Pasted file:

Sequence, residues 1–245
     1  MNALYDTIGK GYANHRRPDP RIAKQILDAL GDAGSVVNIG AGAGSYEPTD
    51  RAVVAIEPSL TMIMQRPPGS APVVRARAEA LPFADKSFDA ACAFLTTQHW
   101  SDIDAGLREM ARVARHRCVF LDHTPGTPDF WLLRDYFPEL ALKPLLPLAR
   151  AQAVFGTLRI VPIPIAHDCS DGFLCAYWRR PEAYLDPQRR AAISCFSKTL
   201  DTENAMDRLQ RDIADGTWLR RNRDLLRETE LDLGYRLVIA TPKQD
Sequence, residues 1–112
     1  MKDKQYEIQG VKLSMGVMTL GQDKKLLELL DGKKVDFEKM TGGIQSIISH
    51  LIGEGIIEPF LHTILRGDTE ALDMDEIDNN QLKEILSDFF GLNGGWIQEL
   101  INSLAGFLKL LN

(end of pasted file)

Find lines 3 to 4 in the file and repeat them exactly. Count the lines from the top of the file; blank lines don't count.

    51  RAVVAIEPSL TMIMQRPPGS APVVRARAEA LPFADKSFDA ACAFLTTQHW
   101  SDIDAGLREM ARVARHRCVF LDHTPGTPDF WLLRDYFPEL ALKPLLPLAR